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Baggage and all, Chad Kelly was undervalued this NFL Draft

The Ole Miss quarterback’s talent and production suggest he should have gone much earlier than he did.

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Alabama v Mississippi Photo by Kevin C. Cox/Getty Images

Given that 252 players found a new NFL home before Chad Kelly was selected by the Denver Broncos last weekend, it was a relief at the time to hear his name get called at all. It didn’t take long, however, for fans to look back at the draft order and question the decision process used by teams to not take a chance on him earlier. Kelly’s talent combined with his low draft position made him arguably one of the highest value picks this year.

In the eyes of many, he simply wasn’t worth the baggage to invest in long-term, and perhaps the conversation could end there. But at some point, actual football-related reasons should come into play when picking a QB, and it didn’t totally feel like that was the case. Pro Football Focus put together a comprehensive ranked list of draft-worthy quarterbacks. The graph below gives an idea of how closely in line the actual draft results fell with those rankings.

It’s not all that outrageous that three lower ranked players were taken before Kelly, as Nathan Peterman and Brad Kaaya were similarly overlooked. But the degree to which teams convinced themselves that Kelly was a gamble compared to other options was a bit absurd. Typically, quarterbacks picked as late as he was don’t show up on a lot of pre-draft rankings, and they certainly don’t offer up the same high volume production as Kelly did in college.

To get a sense of whether Kelly’s draft position lined up with his college production, I collected stats from all former quarterbacks from Power Five schools who were drafted in the final two rounds of the NFL Draft in the last five years. Averaging stats from each player’s two seasons prior to their selection, here’s how they compared with Kelly’s numbers over a similar time span. Also included is the average Offensive S&P+ rank for those teams, along with Ole Miss’s over the past two years.

Stat 6th & 7th Round QBs, 2013-17 Chad Kelly
Stat 6th & 7th Round QBs, 2013-17 Chad Kelly
Completion % 62% 64%
Yds per game 233.69 309.09
Yds per throw 7.55 8.65
TD per game 1.54 2.27
Int rate 2.64% 2.67%
Passer rating 136 152.32
Offense Rank 51 11

To the surprise of few to none, Kelly led in every statistical category but interception rate, even demonstrating higher per-throw efficiency despite throwing over 100 times more than the rest of the group. Perhaps most remarkable is that with just spring and fall practice of preparation, he elevated an offense that had ranked 43rd in S&P+ and was dysfunctional by season’s end to a top-10 unit in 2015 and the second-best offense in Passing S&P+.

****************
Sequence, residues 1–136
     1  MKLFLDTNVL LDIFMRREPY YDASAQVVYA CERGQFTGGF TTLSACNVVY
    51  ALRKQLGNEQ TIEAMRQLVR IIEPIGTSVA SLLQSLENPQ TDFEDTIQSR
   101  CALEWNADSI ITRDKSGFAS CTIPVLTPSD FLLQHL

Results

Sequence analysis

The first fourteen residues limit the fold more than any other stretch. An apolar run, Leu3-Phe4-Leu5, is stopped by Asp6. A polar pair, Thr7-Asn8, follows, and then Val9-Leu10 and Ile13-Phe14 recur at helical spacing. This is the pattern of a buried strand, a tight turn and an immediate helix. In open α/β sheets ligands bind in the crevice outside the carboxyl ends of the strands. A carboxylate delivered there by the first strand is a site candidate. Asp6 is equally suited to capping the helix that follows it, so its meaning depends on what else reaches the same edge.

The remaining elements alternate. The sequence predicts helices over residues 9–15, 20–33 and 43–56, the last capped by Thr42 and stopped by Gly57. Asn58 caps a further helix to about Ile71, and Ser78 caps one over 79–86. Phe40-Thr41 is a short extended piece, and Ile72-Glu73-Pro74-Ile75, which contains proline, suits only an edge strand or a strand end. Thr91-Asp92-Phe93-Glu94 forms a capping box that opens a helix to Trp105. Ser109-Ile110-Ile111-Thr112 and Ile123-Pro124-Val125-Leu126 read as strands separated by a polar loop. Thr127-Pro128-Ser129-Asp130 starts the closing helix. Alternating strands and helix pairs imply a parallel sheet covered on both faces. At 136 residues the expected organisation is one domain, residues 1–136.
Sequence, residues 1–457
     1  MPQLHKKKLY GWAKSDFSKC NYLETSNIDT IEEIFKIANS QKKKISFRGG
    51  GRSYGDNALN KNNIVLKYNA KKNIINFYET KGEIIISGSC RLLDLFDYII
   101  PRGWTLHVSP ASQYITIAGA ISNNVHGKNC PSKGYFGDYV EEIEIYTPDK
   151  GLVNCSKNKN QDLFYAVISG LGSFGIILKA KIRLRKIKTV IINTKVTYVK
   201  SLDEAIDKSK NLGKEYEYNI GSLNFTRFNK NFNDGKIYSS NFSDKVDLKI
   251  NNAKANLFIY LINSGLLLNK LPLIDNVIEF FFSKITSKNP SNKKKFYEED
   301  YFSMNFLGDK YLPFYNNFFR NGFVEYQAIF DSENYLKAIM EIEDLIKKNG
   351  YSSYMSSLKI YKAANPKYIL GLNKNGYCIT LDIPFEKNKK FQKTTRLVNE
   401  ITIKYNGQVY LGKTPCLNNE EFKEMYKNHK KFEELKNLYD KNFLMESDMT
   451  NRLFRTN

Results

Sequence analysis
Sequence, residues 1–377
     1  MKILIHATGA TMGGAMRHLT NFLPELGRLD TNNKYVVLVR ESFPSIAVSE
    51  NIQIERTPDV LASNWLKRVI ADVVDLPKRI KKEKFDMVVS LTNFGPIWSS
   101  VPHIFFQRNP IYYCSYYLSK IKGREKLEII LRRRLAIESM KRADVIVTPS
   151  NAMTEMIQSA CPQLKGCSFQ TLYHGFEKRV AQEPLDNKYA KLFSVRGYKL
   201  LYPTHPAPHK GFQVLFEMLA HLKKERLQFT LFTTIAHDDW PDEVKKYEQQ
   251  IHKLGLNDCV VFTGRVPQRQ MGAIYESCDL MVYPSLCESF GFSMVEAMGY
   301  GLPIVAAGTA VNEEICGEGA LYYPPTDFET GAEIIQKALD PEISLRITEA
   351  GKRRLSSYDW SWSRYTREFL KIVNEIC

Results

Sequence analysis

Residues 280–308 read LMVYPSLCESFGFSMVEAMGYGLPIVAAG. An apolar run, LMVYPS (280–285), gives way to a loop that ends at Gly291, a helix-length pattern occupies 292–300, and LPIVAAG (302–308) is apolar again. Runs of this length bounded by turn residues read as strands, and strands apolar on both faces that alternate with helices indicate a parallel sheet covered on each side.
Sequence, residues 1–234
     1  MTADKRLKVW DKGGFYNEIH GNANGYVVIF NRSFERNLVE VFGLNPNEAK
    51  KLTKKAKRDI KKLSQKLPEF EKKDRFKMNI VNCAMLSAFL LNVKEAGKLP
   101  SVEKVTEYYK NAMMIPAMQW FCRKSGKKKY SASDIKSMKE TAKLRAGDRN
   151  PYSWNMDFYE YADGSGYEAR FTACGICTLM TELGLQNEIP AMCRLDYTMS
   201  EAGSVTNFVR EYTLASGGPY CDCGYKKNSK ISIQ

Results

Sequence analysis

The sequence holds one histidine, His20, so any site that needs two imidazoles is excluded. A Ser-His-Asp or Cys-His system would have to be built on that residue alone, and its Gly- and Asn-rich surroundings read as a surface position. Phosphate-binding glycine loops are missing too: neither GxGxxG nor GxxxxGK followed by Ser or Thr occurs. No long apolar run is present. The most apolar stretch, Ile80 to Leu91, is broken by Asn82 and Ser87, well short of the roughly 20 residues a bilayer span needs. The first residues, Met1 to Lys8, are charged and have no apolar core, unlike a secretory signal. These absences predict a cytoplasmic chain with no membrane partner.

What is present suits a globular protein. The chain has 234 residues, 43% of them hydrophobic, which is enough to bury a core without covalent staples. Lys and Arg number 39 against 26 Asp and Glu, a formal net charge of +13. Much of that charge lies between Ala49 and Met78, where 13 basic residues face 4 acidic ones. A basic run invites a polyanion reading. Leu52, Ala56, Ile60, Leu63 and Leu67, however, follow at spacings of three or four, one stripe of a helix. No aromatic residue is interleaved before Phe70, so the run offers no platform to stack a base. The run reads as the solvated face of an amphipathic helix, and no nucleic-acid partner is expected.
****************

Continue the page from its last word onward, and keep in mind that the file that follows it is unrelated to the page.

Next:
In a vacuum, the concerns surrounding Kelly’s prospects as an NFL quarterback were fair, but given the already uninspiring class of passers this draft cycle, it’s surprising no one jumped on him earlier.

The way he was characterized as turnover-prone far more than any of the other prospects didn’t capture a complete picture, especially given his workload in comparison to the rest of the group. Josh Dobbs, for example, had a higher interception rate and the second most fumbles (10) in the nation last season, yet that shaky side of his game was hardly mentioned leading up to the draft by pundits.

While Kelly’s personal past certainly matters when considering making an investment in him, enough evidence exists to conclude that teams care about players’ character when it’s convenient. Seemingly nothing had changed in between the NFL inviting and uninviting him to the combine, so it became even more difficult than usual to take the league’s contrived moral high ground seriously.

What resulted after teams scanned the uncertainties involved in selecting Kelly was a shifted preference for quarterbacks that were perceived as safer picks. That makes sense, but even the process of assessing risk in players seemed off. Most indicative of that flawed exercise in thought was when the 49ers selected C.J. Beathard in the 3rd round, who despite probably being a nice guy, ranked three spots behind Kelly on PFF’s QB rankings and was the football equivalent of unflavored oatmeal in college, stats-wise.

Valuing abstract traits like character over a substantive body of work brings on its own set of risks, and we saw that limited scope in action when looking at the final quarterback draft order. Kelly’s streaks of brilliance at Ole Miss didn’t mean that scouts’ reservations weren’t valid, and his past production should by no means be blindly interpreted as a guarantee of success at the next level. Given the history of busts at his position, the odds are stacked pretty high against him.